Only weeks after declining a 15-year, $440 million contract extension, Juan Soto has a new home.
The Nationals traded their 23-year-old superstar outfielder along with first baseman Josh Bell to the San Diego Padres on Tuesday in exchange for six players.
Washington acquired veteran first baseman Luke Voit, two recently graduated prospects in shortstop C.J. Abrams and starting pitcher MacKenzie Gore, as well as three minor leaguers in outfielder Robert Hassell III, outfielder James Wood and right-handed pitcher Jarlin Susana.
It’s a historic deal, one that costs Washington its best player with two-and-a-half years of control and a slugging first baseman set to hit free agency this winter but injects the club’s roster and farm system with a big chunk of San Diego's stable of young players.
Nationals President of Baseball Operations and GM Mike Rizzo said in a radio appearance with 106.7 The Fan’s Sports Junkies on June 1 that the team was “not interested in trading him.” However, those plans shifted after Soto declined all three of their contract offers, the last of which would have included the largest total guarantee in MLB history.
Yet Soto is due to make north of $50 million in arbitration over the next two seasons and his agent Scott Boras has a history of shattering records once his clients reach free agency. Boras also expressed that Soto didn’t want to re-sign with the Nationals until he gained clarity on its ownership situation. The Lerner family could reportedly sell the team as early as November.
Washington didn’t wait that long, pulling off the biggest blockbuster trade of the deadline for the second year in a row. Soto now lands with a Padres team that’s second place in the NL West and holding the second NL Wild Card spot. He’ll add an immediate spark to a lineup that already includes All-Stars Manny Machado and Jake Cronenworth with Fernando Tatís Jr. working his way back from injury.
The Padres will also gain a potent bat in Bell, who arrived in D.C. via an offseason trade with the Pittsburgh Pirates in December 2020. The 29-year-old got off to a slow start last season but has since been one of the Nationals’ few reliable hitters in the middle of their lineup.
Back in D.C., the Nationals move forward with a depleted major-league roster but an infusion of talent in the minors. Washington entered the season with the 26th-ranked farm system by Baseball America and most of its top recent draft picks and international signings such as Elijah Green, Brady House, Cristhian Vaquero and Armando Cruz are all still teenagers.
While the additions of Gore and Abrams will provide boosts to the Nationals' major-league roster, none of the three prospects they acquired in the deal have played above the High-A level of the minors. Hassell III was the top-ranked prospect in the Padres' farm system and overall the No. 21 prospect in baseball according to MLB Pipeline. He's followed by Wood, who ranked third and 88th, respectively, and Susana, who's an 18-year-old in rookie ball.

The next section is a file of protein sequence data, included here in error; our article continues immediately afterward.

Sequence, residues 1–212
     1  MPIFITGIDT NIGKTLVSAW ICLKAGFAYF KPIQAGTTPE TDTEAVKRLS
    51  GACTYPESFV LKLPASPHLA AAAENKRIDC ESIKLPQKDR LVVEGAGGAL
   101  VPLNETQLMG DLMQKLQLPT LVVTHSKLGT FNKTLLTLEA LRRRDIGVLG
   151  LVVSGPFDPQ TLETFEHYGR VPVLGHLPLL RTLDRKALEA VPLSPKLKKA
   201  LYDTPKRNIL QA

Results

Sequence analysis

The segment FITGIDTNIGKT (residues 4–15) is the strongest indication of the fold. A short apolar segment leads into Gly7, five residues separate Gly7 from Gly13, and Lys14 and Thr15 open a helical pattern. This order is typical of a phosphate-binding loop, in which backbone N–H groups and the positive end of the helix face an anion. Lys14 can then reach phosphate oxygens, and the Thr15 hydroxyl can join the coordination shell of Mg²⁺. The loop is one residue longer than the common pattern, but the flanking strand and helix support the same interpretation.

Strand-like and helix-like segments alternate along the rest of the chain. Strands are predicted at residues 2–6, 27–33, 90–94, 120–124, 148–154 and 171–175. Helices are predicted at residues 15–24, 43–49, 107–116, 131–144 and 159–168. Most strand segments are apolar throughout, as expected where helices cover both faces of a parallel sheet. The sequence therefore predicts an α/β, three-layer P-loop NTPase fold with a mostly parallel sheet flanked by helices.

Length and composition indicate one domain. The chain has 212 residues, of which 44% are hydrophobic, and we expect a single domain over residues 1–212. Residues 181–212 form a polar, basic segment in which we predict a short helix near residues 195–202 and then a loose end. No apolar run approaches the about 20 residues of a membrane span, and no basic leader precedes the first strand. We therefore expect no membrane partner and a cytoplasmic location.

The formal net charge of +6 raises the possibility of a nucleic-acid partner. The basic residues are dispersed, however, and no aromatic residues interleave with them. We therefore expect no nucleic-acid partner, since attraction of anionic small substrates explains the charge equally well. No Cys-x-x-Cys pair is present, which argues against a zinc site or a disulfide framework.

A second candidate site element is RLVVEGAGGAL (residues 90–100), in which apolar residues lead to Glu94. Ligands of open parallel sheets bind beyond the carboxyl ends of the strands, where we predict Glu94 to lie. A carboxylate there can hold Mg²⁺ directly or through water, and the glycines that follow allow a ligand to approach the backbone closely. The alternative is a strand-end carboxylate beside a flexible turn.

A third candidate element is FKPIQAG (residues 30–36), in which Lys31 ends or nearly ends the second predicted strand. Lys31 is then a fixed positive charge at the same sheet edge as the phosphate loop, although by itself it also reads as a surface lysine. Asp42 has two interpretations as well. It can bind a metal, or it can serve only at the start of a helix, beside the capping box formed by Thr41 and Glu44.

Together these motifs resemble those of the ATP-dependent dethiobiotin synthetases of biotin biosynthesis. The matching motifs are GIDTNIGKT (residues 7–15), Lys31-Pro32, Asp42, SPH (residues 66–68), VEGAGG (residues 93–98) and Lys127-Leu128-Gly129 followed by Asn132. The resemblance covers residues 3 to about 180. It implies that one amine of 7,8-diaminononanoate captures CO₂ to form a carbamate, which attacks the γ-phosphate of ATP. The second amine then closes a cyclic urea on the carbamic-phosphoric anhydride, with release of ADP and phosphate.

Gore, 23, is on the 15-day injured list with left elbow inflammation and may not pitch again this season, though he's not expected to undergo Tommy John surgery. He went 4-4 with a 4.50 ERA, 72 strikeouts and 37 walks in 16 games (13 starts) in 2022. The 21-year-old Abrams made his MLB debut this season as well and has hit .232 with two home runs and a .605 OPS in 46 games.
The Nationals also agreed to take on Eric Hosmer's contract, but Hosmer did not waive his no-trade clause in order to go to Washington. Hosmer is in the fifth season of the eight-year, $144 million free agent contract that he signed with the Padres ahead of the 2018 season. Hosmer was instead traded to the Red Sox, as the Nationals acquired Voit instead from San Diego.
He's owed the remaining portion of his $20 million salary for this season along with $13 million each of the next three years. The 32-year-old former World Series champion with the Kansas City Royals is hitting .272 with eight home runs and a .727 OPS in 90 games thus far in 2022.
Nationals fans must once again grapple with one of their star, homegrown hitters landing with a new team rather than signing an extension, as Soto follows the likes of Bryce Harper, Anthony Rendon and Trea Turner. With Washington already sporting the worst record in baseball, the product on the field will take yet another hit without Soto in the everyday lineup.
But after the Nationals put an organizational overhaul into motion last summer, trading Soto represents a decision to lean into that direction even further. A new young core is in the making and it’s one Washington hopes will begin to form into a sustainable contender in the not-so-distant future.